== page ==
Flying Under the Radar of FSMA: The Wild, Wild, West of Unregulated Farmers Markets
By Anne Cherry Barnett, Esq., and J. Alan Warfield, Esq.
Do you know where that delicious hand-crafted granola that you bought last week at your neighborhood farmer’s market was manufactured? Are the ripe strawberries you bought last weekend from the pop-up stand on the side of the highway safe to eat? How about the broccoli that you received in your community-supported agriculture (CSA) box?
Background and Status of the Food Safety Modernization Act (FSMA)
According to recent data from the Centers for Disease Control and Prevention, each year about 48 million people (1 in 6 Americans) are sickened, 128,000 are hospitalized and 3,000 die from foodborne diseases. The Food Safety Modernization Act (FSMA), first enacted in 2011, is intended to enable the FDA to better protect public health by helping to ensure the safety and security of the food supply, enabling it to be more proactive rather than reactive with respect to food safety problems. The law also provides the U.S. Food and Drug Administration (FDA) with new enforcement authorities to help it achieve greater compliance with prevention and food safety standards to allow it to better respond to problems when they do occur.
FSMA is a very complicated statute, one that has been the subject of numerous articles, treatises and analysis and multiple rounds of discussions and revised rule promulgations by the FDA. FSMA authorizes several new regulations, including those to protect from risks associated from Salmonella, E. coil, and other pathogen contamination for farmers growing certain fruits and vegetables. Final FSMA regulations will be issued over the next year.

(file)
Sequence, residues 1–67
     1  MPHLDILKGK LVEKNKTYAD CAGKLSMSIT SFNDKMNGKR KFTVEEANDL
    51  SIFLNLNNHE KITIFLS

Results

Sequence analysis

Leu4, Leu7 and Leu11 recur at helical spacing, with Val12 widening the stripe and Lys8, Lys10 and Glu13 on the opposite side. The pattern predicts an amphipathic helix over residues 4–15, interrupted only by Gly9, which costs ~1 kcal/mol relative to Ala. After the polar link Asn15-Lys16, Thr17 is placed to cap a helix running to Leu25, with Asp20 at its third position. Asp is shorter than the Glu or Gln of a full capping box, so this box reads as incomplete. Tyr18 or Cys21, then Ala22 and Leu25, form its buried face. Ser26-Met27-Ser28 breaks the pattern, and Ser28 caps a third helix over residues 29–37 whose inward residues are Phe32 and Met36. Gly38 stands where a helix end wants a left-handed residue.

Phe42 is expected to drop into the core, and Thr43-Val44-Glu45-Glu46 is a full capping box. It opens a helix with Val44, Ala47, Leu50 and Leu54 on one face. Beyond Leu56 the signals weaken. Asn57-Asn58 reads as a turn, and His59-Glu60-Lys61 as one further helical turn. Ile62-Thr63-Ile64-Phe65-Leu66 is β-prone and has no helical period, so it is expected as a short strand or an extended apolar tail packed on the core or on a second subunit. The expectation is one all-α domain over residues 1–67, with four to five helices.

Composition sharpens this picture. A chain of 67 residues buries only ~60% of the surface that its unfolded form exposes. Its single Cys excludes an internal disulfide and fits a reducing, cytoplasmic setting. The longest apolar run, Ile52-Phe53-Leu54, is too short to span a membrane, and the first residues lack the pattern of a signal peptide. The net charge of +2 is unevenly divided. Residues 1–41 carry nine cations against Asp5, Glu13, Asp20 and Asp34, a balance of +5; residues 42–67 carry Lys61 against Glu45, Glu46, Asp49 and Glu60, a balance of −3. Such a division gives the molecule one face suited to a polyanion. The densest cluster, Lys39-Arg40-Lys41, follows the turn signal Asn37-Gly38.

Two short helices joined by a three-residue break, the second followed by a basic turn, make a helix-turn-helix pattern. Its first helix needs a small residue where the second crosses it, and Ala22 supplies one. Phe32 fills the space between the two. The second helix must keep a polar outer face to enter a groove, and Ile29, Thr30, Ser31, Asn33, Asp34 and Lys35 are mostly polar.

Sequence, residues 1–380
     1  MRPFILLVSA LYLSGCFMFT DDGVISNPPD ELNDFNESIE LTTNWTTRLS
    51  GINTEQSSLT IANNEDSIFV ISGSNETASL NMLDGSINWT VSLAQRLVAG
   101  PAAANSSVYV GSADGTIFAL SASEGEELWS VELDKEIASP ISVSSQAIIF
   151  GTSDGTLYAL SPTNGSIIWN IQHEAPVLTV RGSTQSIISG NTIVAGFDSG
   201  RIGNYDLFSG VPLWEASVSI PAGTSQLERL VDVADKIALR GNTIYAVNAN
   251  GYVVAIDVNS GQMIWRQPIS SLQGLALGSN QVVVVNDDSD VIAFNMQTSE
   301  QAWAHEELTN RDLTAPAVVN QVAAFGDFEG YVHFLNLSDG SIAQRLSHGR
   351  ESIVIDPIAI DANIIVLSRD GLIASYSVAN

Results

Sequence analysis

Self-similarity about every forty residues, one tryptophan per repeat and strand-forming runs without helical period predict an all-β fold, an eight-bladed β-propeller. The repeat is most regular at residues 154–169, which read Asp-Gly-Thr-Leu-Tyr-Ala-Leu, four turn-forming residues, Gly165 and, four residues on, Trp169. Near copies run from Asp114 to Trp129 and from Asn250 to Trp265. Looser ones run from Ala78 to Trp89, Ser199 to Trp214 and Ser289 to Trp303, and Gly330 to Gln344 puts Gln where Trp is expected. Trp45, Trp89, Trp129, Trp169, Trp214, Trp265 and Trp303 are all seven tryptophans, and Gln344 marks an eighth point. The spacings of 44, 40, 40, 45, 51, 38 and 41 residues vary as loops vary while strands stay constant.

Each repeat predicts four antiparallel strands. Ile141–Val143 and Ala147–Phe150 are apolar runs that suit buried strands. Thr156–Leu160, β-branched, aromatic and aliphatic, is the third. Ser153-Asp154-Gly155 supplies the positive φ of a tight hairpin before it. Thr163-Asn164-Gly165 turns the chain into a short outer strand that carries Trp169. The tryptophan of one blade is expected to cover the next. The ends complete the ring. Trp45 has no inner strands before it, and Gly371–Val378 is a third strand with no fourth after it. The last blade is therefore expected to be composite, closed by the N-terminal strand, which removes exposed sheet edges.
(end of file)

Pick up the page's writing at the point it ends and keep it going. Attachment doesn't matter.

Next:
Impact of the FSMA on Local Farmers Markets and Farm Stands
Most direct-to-consumer farmers and other “small producers” are not currently required to register as a food facility under FSMA. FDA estimates that there are approximately 71,000 farms that only sell food products directly to consumers via farmers markets, roadside stands and CSA programs. However, some small farmers, including those that sell at your local farmers market or provide produce to your local CSA may be required to comply with FSMA depending on what they produce and the volume of their annual produce sales.
FDA’s re-proposed Produce Safety Rule proposes that farmers or farm mixed-type facilities with an average annual monetary value of produce sales of $25,000 or less will not be covered by the Produce Safety Rule of FSMA. Very small businesses, those with more than $25,000 but no more than $250,000 in annual produce sales, would have 4 years after the rule’s effective date to comply with most provisions. Small businesses, those with more than $250,000 but no more than $500,000 in produce sales would have 3 years after the rule’s effective date to comply with most provisions. All other farms would have 2 years after the effective date to comply with most provisions.
As an accommodation to the nation’s small farm owners who feared that the burden of complying with the stringent requirements in FSMA could put them out of business, Congress passed a statutory exemption (Tester-Hagan) for certain small farms that sell food locally. The Tester-Hagan exemption provides an exception for those farms that average less than $500,000 in annual produce sales AND sells a majority of what they grow directly to a consumer, either in-state or within 275 miles. If a farm qualifies for the Tester-Hagan exception, there are some FSMA rules with which it must still comply, like providing the consumer with the farm’s name and address at the point of sale, but it does not have to comply with the more detailed record-keeping and technical reporting requirements of the FSMA. Thus, this exception is critical to the future ability of farmers markets, roadside stands and CSAs to operate without compliance with the convoluted and onerous rules of the FSMA.